The Big Picture –
By Glynn Wilson –
WASHINGTON, D.C. — What happens when you have a United States Attorney General who is just as much of a liar as the president, only one who has been in Washington much longer and understands the practice of dissembling in answering questions and claiming a faulty memory?
You put on a dog and pony show before the U.S. Select Committee on Intelligence and allow President Donald J. Trump’s pick for attorney general, Jeff Sessions of Mobile, Alabama, to refuse to answer questions, claim he can’t remember meetings with Russian officials during the campaign or after the election, and mislead his way into keeping his job.
The straight mainstream media organizations have no choice but to report on the hearing as well as they can on deadline.
Reuters, for example, ran a story saying U.S. attorney general dodges Trump questions, angering Democrats.
They reported that Sessions “denounced as a ‘detestable lie’ the idea he colluded with Russians meddling in the 2016 election,” and that he “clashed with Democratic lawmakers over his refusal to detail his conversations with President Donald Trump.”
“You raised your right hand here today and said you would solemnly swear to tell the truth, the whole truth and nothing but the truth,” Democratic Senator Martin Heinrich said. “Now you’re not answering questions. You’re impeding this investigation.”
Sessions refused to say whether he and Trump discussed FBI Director James Comey’s handling of an investigation into possible collusion between Trump’s campaign and Russia during the election campaign before the president fired Comey on May 9. He also declined to say if Trump opposed Sessions’ decision to recuse himself from the Russia probe in March (even though we know he did based on Trump’s Twitter tweets, interviews and previous coverage). And he refused to say whether Justice Department officials discussed with the president possible pardons of individuals being investigated in the Russia probe.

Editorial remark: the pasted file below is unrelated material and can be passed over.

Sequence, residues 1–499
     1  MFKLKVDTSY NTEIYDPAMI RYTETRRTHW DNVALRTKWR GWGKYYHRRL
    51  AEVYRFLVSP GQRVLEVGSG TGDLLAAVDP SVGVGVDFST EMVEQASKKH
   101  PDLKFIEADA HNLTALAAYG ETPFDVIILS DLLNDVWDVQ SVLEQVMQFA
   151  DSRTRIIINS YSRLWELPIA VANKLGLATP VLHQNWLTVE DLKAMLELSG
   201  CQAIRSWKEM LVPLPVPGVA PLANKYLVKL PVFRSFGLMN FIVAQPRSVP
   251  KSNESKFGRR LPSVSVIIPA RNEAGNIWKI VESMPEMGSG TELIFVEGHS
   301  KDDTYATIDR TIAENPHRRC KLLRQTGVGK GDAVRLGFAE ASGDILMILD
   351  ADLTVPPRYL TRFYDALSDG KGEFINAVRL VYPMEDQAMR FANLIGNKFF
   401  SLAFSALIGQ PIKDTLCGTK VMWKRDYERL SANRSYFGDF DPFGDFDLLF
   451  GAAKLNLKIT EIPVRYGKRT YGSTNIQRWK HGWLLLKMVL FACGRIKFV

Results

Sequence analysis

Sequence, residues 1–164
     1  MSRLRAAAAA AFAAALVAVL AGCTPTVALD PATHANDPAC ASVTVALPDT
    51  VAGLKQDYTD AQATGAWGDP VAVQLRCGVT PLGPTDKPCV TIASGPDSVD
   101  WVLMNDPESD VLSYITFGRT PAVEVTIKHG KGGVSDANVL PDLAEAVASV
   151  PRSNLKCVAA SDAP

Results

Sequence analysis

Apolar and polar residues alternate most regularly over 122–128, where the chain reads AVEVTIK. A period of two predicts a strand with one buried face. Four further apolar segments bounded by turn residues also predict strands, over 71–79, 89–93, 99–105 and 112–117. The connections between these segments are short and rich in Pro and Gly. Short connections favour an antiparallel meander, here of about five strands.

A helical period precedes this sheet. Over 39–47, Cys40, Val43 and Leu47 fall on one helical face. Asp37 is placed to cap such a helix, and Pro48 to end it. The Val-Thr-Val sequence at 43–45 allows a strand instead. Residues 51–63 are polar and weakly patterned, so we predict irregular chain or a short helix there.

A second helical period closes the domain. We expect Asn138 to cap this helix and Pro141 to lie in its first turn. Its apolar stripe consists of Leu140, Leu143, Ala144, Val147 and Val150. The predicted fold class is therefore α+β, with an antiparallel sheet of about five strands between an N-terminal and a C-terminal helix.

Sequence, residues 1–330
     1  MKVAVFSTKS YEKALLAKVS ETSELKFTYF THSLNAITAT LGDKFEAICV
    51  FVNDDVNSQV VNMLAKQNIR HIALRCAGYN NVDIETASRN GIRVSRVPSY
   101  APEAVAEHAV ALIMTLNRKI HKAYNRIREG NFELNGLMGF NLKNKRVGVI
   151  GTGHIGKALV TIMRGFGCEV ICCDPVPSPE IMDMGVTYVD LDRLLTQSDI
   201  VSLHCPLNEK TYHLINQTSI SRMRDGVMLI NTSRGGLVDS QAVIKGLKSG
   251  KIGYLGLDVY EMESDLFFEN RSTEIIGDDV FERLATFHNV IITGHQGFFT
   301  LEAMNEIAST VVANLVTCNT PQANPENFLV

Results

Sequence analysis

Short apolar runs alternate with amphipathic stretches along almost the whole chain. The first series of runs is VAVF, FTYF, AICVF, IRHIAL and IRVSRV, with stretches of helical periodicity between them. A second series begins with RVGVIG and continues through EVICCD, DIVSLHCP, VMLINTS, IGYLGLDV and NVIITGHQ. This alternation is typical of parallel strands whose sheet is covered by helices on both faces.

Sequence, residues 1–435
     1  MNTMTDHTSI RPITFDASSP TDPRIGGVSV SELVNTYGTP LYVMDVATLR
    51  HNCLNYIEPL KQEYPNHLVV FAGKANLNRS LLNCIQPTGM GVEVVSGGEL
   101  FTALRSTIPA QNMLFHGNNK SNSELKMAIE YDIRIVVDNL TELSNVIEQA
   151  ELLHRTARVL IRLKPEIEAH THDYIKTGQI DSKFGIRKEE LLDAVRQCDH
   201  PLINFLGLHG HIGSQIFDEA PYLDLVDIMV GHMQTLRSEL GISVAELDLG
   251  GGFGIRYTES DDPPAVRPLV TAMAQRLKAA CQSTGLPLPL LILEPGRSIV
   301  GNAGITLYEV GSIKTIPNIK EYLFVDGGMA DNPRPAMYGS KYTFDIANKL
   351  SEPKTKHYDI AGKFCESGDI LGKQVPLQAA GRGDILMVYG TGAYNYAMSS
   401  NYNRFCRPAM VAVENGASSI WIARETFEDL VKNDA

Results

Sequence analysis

“I believe the American people have had it with stonewalling,” Democratic Senator Ron Wyden told Sessions. “Americans don’t want to hear that answers to relevant questions are privileged.”
“I am not stonewalling,” Sessions replied, saying he was simply following Justice Department policy not to discuss confidential communications with the president, even though president Trump has not invoked executive privilege and has even offered to testify under oath himself. He has even hinted he may have tapes of his conversations with Comey and may release them soon.
But due to the seeming lack of any noteworthy bombshells from Sessions testimony, news organizations were left with little choice but to report that Sessions’ testimony “did not provide any damaging new information on Trump campaign ties with Russia or on Comey’s dismissal.” Yet “his refusal to discuss conversations with Trump raised fresh questions about whether the White House has something to hide,” according to Reuters.
The Washington Post reported that Sessions refused to say whether he spoke to Trump about Comey’s handling of the Russia investigation.
The New York Times editorial board asked in Wednesday’s paper: How many ways are there to fail to answer a question under oath?
“The last time Mr. Sessions appeared before a Senate committee, during his confirmation hearing in January, he gave false testimony,” the Times says.
“I did not have communications with the Russians,” Mr. Sessions said in response to a question no one asked — and despite the fact that he had, in fact, met with the Russian ambassador, Sergey Kislyak, at least twice during the 2016 presidential campaign.
“The omission raised questions not only about his honesty, but also about why he would not disclose those meetings in the first place,” the paper says. Sessions “arrived in full body armor, testy and sometimes raising his voice to defend what he called his honor against ‘scurrilous and false allegations’ that he had colluded with Moscow.”